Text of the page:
Tuesday, July 3, 2012

Disney Pixar's Brave Sets Many Studio Firsts and Records


Brave is Disney Pixar's thirteenth full feature animated film. For some it is lucky, yet for others it's not. But whatever people are saying about the luck of the movie, its box office sales could not deny its success. As of the moment, Box Office Mojo is reporting more than $160,000,000 box office sales and still counting.

Originally titled The Bear and the Bow, Brave has set many firsts for Pixar Animation Studio. A feat many were anxious and apprehensive about before its official release. This one hour and forty minutes of Scottish fairy tale has become an instant favorite for many since then. It was also the movie that serves as a turning point for Pixar Animation Studio's history.

Here are some Pixar firsts and records brought about by Brave:

First Fairy Tale Movie
Disney Pixar's feature films were always grounded on reality and quite not on the magical. Magic is not always involved in the story. Take Toy Story for example, despite the toys coming up to life, there are no magical fairies involved. Most of its movies are personification of inanimate things like Cars and Toy Story. Some are fables that focus on the realistic side of it such as seen in A Bug's Life, Finding Nemo and Ratatouille. Futuristic science fiction is tackled in Wall-E, while contemporary plotline is obvious in Up. A few may be a little to fantastical like Monsters, Inc. and the superhero movie The Incredibles, but all of them never involved the mgical or fairies. In Brave however, magic or a magical creature is very pivotal in it's plot, without it the story may have not pushed through.

First Female Director
The legion of Pixar directors was always composed of men. Since the movies where mostly intended for boys, it is ideal to have male directors. The studio was once founded by male artists and tradition continued until Brave came. Pete Docter, Andrew Stanton, Lee Unkrich, John Lasseter, Brad Bird and other male directors dominated the helming scene in Pixar. Not until Brenda Chapman came into the scene when she co-directed Brave. She was supposed to be the lone director of the movie until some delays and artistic pursuits lead to her being co-director only to Mark Andrews, who is a first time Pixar director also.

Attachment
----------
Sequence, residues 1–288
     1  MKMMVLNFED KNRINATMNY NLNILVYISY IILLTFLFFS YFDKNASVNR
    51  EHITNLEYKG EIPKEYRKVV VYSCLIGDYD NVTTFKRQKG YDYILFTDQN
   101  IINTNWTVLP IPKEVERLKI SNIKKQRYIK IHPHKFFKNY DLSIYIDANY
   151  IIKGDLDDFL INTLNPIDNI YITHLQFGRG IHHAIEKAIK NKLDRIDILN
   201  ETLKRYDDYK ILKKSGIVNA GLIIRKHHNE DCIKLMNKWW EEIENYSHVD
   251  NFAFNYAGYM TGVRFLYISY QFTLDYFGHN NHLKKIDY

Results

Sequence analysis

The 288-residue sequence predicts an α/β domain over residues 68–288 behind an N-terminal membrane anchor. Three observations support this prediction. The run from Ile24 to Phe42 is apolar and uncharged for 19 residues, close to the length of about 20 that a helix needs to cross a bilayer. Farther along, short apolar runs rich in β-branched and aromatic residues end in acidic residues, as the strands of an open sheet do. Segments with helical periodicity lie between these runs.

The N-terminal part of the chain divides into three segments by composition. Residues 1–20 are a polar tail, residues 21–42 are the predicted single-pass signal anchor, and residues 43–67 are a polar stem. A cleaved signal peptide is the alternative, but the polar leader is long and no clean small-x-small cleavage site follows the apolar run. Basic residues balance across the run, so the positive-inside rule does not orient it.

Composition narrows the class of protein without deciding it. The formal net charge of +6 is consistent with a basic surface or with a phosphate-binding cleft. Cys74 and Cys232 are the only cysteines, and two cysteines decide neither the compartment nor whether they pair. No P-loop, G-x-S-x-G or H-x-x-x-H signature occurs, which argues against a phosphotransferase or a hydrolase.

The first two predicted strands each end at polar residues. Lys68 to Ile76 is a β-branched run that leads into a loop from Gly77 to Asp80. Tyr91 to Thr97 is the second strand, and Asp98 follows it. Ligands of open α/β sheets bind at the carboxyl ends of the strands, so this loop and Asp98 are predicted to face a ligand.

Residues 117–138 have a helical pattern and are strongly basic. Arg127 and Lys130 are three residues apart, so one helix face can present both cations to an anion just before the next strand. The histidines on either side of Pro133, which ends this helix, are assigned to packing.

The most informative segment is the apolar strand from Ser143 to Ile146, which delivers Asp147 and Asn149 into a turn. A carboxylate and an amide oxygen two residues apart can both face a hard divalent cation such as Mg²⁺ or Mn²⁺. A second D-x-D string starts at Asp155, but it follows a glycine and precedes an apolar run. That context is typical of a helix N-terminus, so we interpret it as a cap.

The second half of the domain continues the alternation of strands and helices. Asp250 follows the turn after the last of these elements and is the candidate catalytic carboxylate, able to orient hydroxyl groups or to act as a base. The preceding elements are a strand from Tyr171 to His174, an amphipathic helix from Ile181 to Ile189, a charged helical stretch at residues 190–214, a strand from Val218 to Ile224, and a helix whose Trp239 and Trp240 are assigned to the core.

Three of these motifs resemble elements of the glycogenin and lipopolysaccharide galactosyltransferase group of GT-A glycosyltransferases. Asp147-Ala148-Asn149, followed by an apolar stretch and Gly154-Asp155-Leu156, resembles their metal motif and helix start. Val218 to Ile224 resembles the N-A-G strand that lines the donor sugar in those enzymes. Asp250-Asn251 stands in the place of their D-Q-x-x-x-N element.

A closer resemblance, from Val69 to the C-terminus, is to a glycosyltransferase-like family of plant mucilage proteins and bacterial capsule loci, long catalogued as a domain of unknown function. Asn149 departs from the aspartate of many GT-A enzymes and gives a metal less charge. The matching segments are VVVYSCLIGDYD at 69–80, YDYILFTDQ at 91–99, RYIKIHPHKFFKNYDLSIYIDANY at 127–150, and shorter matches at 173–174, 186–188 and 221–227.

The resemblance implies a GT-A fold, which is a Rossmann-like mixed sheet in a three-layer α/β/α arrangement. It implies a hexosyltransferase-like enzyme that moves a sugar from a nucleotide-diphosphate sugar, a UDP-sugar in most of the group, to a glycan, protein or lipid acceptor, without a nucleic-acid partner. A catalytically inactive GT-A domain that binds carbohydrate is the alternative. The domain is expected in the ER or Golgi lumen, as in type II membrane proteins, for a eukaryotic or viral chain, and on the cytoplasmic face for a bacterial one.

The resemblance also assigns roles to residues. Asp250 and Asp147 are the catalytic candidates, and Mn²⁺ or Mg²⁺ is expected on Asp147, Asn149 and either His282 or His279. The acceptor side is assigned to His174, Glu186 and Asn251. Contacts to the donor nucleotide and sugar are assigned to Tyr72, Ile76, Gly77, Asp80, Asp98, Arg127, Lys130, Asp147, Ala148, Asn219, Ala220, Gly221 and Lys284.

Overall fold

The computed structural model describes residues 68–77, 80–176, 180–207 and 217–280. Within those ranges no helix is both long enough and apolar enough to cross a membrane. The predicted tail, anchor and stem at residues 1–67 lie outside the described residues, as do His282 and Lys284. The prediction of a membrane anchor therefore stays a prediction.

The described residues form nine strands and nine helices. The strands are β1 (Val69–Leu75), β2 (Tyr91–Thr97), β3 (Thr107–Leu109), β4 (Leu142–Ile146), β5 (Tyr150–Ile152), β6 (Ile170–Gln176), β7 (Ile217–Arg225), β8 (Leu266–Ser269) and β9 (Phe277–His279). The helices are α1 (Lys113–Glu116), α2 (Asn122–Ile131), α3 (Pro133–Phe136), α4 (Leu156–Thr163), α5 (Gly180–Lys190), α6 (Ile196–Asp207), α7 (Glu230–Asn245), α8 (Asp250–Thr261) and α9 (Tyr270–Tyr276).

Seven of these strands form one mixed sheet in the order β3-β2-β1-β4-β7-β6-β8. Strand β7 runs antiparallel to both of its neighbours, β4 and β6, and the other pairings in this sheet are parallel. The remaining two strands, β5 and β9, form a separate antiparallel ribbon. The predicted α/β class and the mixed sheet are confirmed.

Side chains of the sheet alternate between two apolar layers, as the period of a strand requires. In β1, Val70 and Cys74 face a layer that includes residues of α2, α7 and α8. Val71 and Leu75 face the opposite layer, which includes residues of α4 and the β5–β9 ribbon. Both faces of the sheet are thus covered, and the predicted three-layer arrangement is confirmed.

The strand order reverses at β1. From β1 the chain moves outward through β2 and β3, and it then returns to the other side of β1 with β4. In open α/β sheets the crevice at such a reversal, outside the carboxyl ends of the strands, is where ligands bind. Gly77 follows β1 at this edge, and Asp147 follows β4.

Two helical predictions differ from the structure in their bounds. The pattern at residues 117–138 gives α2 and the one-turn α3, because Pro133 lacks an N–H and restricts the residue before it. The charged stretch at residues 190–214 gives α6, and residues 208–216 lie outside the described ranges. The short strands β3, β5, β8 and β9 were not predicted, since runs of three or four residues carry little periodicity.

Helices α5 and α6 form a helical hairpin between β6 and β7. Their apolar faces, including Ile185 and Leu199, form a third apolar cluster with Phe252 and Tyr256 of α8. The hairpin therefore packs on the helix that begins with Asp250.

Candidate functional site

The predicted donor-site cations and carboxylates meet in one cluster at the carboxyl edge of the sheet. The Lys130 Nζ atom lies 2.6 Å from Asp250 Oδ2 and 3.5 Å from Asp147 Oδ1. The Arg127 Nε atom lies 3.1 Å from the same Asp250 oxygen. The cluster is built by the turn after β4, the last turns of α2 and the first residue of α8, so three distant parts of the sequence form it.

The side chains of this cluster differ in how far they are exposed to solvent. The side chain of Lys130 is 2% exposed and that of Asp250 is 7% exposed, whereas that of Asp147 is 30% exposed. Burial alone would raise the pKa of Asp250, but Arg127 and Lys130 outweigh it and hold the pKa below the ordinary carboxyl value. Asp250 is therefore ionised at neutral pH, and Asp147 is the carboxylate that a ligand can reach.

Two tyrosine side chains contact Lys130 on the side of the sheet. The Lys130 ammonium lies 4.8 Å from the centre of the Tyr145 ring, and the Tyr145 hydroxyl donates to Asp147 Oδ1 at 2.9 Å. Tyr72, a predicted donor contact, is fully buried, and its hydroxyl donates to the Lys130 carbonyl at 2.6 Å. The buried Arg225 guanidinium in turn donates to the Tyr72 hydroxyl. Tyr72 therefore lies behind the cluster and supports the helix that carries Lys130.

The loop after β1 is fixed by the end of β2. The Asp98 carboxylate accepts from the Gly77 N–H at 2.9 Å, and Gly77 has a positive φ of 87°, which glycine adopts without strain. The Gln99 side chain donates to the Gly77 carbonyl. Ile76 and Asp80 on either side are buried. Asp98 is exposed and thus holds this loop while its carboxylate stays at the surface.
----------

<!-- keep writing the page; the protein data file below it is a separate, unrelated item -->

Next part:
First Female Lead Character
Woody, Filk, Sulley and Mike, Marlin and Nemo, Mr. Incredible, Lightning McQueen, Remy, Wall-E and Russell and Carl are all males or personified as male characters. A famous author once said the girls will read stories about boys, but boys seldom read stories about girls. The same principle applies to movies. That is why it is always seldom that we see females as lead characters in a Pixar movie. There are female characters of course but they are only secondary. Although their roles are important also, never has it been that the events in a Pixar story revolved around a female character -- not until Brave. Brave is focused on a female central character: Merida, a Scottish princess, voiced by Kelly Macdonald, who wanted to make a difference.

First Period Film and Setting
Pixar movies are always based on contemporary or futuristic events. None of them touched on fictional or actual historical happenings that is mostly the focus of a period film. Since the release of Toy Story we always watched the lifestyle of the present and the future. Even the fables and the superhero movies by Pixar are rooted to the present we are enjoying. Come Brave and all of these were changed. Set in an alternate Scottish past, Brave try to tackle the culture and settings of the ancient Scotts. Chivalry, honor and royalty are abundant. It is always good to know how movie directors perceived the past -- with research or none -- because it always gives a wonder of the almost unknown side of history.

First to Use New Technologies
Notice the almost realist hairs on Merida and the wee devil triplets? Yes, that's the product of the ipmroved technology the the studio has been developing, hence the delay on the production. To cope with these new animating demands, Pixar rewrote their animation system for the first time in 25 years. Also, Brave is the very first movie to use Dolby Atmos sound format, a new surround technology commissioned by Dolby laboratories. It was first installed in the Dolby Theatre in Hollywood, California for the movie premier of Brave in June 2012.